My favourite episode of Law & Order is the 2007 David Fincher film, Zodiac. Less gruesomely arresting Se7en, less bombastic than Fight Club, Zodiac is unlikely to go down as a Fincher classic, but it’s my favourite – precisely because it’s not gruesome, it’s not bombastic. It’s a true crime story, with all of the minutiae that goes along with true crime.
Zodiac, based on cartoonist Robert Graysmith’s hunt for the San Francisco serial killer of the same name, is a narrative filled with personal biases, dubious evidence and unreliable testimony, forcing the audience to follow the case’s detectives (both professional and amateur) down a series of blind alleys. It’s not the type of crime story anyone would write as fiction: it’s too messy, too fragmentary, too frustrating. But it’s exactly this messiness that makes it compelling. It’s this messiness that makes it the best episode Law & Order never made.
In some ways, Zodiac could be an episode of any TV crime procedural – albeit an exceptionally well-shot, well-acted one – but what makes it different is the amount of screentime devoted to what Serial’s Sarah Koenig would probably term stupid shit.
The mystery revolves around jurisdictional fuck-ups; the exhaustive re-analysis of what might be faulty evidence; a single-line statement buried in hundreds of pages of interview notes. This isn’t a crime story in an easy 3-act structure: the suspects are obvious and yet also elusive (maybe that one creepy guy is the murderer; maybe he’s just a creepy guy); the case-breaking clues are benign. The real mystery’s buried in the minutiae; it’s not mapped out in TV-ready bursts of excitement.
Serial, a true crime podcast focusing on the 1999 murder of high-school student Hae Min Lee and her alleged killer Adnan Syed, captures this same sense of crime stories as messy/fragmentary/frustrating.
It’s hard to know why Serial, which is now listened to by some 1.2 million people per episode, has caught fire so decisively. I’ve read some adorably-naïve reviews of it by people who have clearly never listened to US radio before and therefore don’t know that lead producer Sarah Koenig, though delightful, is hardly unique in her presentation style. Personally, I’d be inclined to call it Harry Potter syndrome: no, Serial (like Harry Potter) is not the greatest thing ever; it’s just a good thing that a lot of people happen to have enjoyed and told their friends about.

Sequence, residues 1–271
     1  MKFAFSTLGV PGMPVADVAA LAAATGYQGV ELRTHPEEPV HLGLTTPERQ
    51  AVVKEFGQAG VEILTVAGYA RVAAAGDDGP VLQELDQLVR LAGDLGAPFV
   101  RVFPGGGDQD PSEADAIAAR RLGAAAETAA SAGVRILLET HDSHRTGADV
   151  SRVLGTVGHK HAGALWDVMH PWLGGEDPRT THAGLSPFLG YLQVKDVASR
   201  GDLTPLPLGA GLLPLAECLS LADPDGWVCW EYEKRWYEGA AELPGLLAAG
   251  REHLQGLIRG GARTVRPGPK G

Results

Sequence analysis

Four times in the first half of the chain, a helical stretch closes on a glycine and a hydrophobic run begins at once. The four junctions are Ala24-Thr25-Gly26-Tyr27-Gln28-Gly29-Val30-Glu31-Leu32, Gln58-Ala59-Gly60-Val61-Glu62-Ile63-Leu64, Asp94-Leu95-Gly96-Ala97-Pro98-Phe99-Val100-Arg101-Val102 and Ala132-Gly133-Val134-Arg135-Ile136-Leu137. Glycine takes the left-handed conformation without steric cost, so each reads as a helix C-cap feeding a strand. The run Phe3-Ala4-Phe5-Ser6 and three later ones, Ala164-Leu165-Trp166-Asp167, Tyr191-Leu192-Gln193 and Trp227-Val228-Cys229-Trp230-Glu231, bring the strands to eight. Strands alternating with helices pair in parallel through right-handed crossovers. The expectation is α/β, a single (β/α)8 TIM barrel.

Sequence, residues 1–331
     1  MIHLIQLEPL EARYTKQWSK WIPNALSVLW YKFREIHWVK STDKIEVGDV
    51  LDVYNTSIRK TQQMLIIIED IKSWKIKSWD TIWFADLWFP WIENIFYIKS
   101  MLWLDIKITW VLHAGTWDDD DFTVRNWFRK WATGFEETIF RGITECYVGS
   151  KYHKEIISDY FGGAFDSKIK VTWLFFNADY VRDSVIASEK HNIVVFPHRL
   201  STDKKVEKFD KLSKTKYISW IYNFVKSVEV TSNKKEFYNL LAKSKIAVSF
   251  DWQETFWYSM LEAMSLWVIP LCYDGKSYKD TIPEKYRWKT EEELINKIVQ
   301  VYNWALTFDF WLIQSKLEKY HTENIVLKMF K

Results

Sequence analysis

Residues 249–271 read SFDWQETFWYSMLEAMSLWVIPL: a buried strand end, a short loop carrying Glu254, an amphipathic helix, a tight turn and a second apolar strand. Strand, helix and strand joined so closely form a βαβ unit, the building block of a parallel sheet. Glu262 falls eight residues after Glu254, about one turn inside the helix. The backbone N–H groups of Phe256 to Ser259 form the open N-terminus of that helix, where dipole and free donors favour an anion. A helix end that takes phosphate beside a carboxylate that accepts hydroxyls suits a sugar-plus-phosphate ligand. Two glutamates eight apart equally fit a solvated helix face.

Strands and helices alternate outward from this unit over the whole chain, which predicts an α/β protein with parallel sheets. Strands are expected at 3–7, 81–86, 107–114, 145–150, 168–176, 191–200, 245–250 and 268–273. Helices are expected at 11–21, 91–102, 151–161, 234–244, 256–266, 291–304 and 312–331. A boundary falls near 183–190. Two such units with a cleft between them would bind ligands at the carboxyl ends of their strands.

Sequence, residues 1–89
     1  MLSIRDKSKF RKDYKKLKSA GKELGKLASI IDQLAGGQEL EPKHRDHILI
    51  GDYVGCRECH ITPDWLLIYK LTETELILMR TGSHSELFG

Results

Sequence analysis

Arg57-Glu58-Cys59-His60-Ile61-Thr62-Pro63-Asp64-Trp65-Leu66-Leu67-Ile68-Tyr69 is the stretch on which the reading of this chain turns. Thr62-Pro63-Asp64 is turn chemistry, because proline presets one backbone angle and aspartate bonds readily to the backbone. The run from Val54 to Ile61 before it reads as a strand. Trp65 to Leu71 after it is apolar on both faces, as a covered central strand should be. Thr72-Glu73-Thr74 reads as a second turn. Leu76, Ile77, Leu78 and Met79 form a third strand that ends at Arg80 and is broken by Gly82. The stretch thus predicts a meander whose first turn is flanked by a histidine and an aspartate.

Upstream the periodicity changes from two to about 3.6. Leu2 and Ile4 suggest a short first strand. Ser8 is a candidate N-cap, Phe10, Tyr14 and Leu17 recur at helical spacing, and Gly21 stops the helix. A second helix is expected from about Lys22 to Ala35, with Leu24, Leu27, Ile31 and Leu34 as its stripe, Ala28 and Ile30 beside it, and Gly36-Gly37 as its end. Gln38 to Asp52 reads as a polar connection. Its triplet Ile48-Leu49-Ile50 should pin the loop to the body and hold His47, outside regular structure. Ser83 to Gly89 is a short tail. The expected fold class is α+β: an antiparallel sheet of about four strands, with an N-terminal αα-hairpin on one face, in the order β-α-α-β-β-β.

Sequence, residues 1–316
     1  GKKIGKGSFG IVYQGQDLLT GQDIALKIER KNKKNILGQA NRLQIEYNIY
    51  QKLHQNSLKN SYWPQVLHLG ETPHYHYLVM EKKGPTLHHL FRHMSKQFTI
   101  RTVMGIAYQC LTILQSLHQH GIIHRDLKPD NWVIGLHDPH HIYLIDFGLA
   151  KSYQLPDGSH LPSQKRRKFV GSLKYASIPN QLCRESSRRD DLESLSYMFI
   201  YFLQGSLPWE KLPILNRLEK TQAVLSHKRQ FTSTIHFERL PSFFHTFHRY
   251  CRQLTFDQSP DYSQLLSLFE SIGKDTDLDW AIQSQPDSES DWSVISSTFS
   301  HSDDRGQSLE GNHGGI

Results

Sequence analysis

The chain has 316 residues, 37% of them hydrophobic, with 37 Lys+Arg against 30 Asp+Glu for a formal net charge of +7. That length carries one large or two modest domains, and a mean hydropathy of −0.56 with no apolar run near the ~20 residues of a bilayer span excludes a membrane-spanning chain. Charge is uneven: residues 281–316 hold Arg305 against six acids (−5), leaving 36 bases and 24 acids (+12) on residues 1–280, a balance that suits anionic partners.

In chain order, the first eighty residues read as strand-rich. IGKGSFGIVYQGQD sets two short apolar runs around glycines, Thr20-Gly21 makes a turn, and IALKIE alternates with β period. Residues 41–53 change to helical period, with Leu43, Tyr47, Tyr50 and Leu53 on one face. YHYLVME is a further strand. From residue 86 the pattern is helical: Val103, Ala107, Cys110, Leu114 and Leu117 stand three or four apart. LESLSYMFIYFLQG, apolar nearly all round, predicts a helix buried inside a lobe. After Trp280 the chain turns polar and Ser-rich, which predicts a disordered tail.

So, no, there’s nothing earth-shattering about this podcast. But what Serial does tap into is a widespread (yet largely unquenched) thirst for intelligent true crime. That is, true crime that doesn’t major on gruesome details or tearful interviews with the victim’s family.
Serial is an example of true crime that isn’t afraid to wade deep into the boring details of its case and create wow moments from sequences as banal as a drive to Best Buy. This is no mean feat – after all, boring details can easily become boring in delivery – and Koenig and her team deserve all their success for the construction of a slick and compelling series. But it’s also a testament to the fact that, when we consume true crime stories, it’s really the details that consume us.
Serial is now so successful that there will surely be a TV version of it produced at some stage. I suspect that, in the process, its narrative will be tightened up, and, in losing the minutiae, it will lose its magic. So don’t wait for the TV version; listen to the podcast and revel in the minutiae.
Listen to Serial for free @ serialpodcast.org